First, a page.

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OBJECTIVES/SPECIFIC AIMS: Long interspersed element-1s (L1s) are autonomous, mobile elements that are able to copy and insert themselves throughout the genome with their own reverse transcriptase and endonuclease. These elements make up 17% of the human genome with over 500,000 copies, though the vast majority of L1s are defective with only a few dozen potentially responsible for L1 activity. Full-length L1s have the potential to contribute to mutagenesis through random insertion and increased genetic instability. Here we set out to study L1 expression at the specific loci level in bone marrow-derived stem cells (bmSCs) and adipose-derived stem cells (ASCs) and compare the levels of expression from ASCs from donor patients who are young and lean, obese, and old. Our hypothesis is that L1-related damage may contribute to mutation and inflammation that alters the function of these stem cells throughout the life of an individual. METHODS/STUDY POPULATION: ASCs and bmSCs were isolated from patient donors. The following samples were collected: ASCs from 3 young (under the age of 59) and lean (BMI<30) patients, ASCs from 3 older patients (over the age of 59), ASCs from 3 patients with BMI>30, and bmSCs from 4 young and lean patients. Cytoplasmic RNA from the cell populations was isolated and sequenced by RNA-Seq from the cell populations. Using our recently developed bioinformatics pipeline, we set out to quantify L1 expression and identify the few culprit L1s at specific loci that are actively transcribing to RNA in the ASC and bmSC samples. RESULTS/ANTICIPATED RESULTS: Here we provide proof of concept with the application of this novel method in characterizing full-length expressed L1s at the specific loci level in ASCs and bmSCs. We identified L1 loci that are commonly expressed in these cell types and observed an increase in L1 expression in the obese and old ASC cells compared with the young, lean ASCs and bmSCs. DISCUSSION/SIGNIFICANCE OF IMPACT: ASCs hold the promise of broad application in the biomedical field including regenerative treatment. There are reports that ASCs cultivated from older and obese donors are less effective in regenerative treatments. By demonstrating an increased expression of the mutagenic L1 element in ASCs from obese and old donors, this study provides further evidence suggesting the preferable use of ASCs from young and lean donors for regenerative therapies. These studies will also help us to understand the potential contribution of L1 expression to loss of stem cell function during the aging process.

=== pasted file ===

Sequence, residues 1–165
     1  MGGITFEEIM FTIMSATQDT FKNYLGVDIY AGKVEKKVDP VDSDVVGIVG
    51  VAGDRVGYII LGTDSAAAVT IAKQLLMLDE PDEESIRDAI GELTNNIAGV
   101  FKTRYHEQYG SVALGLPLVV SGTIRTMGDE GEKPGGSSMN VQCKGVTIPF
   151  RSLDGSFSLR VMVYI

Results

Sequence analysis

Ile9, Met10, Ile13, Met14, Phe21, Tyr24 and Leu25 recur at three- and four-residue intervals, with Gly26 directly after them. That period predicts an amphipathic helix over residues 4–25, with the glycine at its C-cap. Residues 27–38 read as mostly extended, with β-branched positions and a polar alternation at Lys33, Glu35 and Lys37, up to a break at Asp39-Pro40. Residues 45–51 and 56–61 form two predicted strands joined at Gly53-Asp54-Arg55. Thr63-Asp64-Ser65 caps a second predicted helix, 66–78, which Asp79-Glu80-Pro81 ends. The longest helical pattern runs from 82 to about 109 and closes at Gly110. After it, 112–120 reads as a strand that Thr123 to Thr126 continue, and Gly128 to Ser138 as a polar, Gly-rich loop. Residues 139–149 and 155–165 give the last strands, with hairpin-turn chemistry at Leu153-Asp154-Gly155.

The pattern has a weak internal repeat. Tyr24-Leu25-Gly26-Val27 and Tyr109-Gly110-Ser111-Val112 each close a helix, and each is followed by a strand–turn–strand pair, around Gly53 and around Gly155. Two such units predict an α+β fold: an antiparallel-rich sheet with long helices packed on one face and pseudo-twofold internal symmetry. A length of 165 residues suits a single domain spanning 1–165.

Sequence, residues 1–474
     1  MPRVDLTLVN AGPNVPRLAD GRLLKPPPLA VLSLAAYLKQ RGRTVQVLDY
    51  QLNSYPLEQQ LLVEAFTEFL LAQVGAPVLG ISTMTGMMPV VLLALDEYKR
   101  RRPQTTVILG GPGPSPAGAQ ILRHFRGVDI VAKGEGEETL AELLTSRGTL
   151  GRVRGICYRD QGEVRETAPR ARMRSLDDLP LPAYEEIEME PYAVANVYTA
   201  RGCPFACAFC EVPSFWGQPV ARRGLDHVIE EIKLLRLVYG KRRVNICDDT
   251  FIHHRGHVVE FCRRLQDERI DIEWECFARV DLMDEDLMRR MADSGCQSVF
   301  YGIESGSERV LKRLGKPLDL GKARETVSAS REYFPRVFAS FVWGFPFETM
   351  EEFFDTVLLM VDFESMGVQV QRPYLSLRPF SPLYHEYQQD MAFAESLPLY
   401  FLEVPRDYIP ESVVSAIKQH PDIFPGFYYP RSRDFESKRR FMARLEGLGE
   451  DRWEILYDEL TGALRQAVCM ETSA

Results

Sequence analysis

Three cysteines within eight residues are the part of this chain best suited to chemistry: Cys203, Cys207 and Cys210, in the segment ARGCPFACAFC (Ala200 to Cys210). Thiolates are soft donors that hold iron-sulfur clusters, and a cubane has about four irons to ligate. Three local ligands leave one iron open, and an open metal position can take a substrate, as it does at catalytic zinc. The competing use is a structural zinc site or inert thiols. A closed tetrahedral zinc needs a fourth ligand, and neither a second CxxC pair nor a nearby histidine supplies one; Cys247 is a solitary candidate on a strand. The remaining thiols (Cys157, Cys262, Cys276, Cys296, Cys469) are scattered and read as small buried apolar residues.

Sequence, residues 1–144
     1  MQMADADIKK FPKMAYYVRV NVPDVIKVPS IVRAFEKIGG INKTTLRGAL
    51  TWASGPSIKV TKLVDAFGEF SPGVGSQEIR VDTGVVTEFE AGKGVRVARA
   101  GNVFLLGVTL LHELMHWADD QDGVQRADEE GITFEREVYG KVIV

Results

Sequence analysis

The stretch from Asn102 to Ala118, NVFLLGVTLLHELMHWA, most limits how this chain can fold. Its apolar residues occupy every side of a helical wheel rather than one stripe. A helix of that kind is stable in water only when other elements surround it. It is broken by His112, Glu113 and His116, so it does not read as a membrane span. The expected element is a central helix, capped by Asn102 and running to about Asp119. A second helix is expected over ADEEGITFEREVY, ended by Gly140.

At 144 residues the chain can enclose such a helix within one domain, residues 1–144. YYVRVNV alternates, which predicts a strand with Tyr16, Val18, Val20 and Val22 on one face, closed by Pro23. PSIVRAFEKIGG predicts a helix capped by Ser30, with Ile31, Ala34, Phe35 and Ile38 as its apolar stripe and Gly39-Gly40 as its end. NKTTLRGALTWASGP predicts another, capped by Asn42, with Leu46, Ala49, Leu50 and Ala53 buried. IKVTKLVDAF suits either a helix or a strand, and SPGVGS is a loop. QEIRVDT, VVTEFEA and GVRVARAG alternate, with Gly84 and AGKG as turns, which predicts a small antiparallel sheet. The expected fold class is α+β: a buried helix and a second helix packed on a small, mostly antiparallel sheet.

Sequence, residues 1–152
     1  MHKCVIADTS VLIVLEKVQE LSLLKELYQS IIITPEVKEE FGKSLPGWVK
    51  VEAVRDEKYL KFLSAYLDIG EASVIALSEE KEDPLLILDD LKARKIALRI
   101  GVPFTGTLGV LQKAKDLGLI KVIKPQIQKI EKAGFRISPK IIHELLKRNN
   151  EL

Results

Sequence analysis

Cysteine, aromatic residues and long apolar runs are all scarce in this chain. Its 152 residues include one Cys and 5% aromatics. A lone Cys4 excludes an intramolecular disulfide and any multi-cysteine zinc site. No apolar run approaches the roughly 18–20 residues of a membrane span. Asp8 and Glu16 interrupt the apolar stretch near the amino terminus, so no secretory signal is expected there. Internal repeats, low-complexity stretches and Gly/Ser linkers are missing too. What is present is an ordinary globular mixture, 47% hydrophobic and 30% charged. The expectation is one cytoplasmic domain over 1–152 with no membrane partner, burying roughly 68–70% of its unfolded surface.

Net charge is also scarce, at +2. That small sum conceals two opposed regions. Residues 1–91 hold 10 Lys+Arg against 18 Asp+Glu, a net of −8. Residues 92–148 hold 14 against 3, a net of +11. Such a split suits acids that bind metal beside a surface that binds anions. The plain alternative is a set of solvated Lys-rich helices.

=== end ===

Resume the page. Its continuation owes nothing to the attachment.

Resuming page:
In substantial numbers of affected populations, disasters adversely affect well-being and influence the development of emotional problems and dysfunctional behaviors. Nowhere is the integration of mental and behavioral health into broader public health and medical preparedness and response activities more crucial than in disasters such as the 2009-2010 H1N1 influenza pandemic. The National Biodefense Science Board, recognizing that the mental and behavioral health responses to H1N1 were vital to preserving safety and health for the country, requested that the Disaster Mental Health Subcommittee recommend actions for public health officials to prevent and mitigate adverse behavioral health outcomes during the H1N1 pandemic. The subcommittee's recommendations emphasized vulnerable populations and concentrated on interventions, education and training, and communication and messaging. The subcommittee's H1N1 activities and recommendations provide an approach and template for identifying and addressing future efforts related to newly emerging public health and medical emergencies. The many emotional and behavioral health implications of the crisis and the importance of psychological factors in determining the behavior of members of the public argue for a programmatic integration of behavioral health and science expertise in a comprehensive public health response.
(Disaster Med Public Health Preparedness. 2012;6:67–71)
The close interplay between mental health and physical health makes it critical to integrate mental and behavioral health considerations into all aspects of public health and medical disaster management. Therefore, the National Biodefense Science Board (NBSB) convened the Disaster Mental Health Subcommittee to assess the progress of the US Department of Health and Human Services (HHS) in integrating mental and behavioral health into disaster and emergency preparedness and response activities. One vital opportunity to improve integration is the development of clear and directive national policy to firmly establish the role of mental and behavioral health as part of a unified public health and medical response to disasters. Integration of mental and behavioral health into disaster preparedness, response, and recovery requires it to be incorporated in assessments and services, addressed in education and training, and founded on and advanced through research. Integration must be supported in underlying policies and administration with clear lines of responsibility for formulating and implementing policy and practice.
(Disaster Med Public Health Preparedness. 2012;6:60–66)
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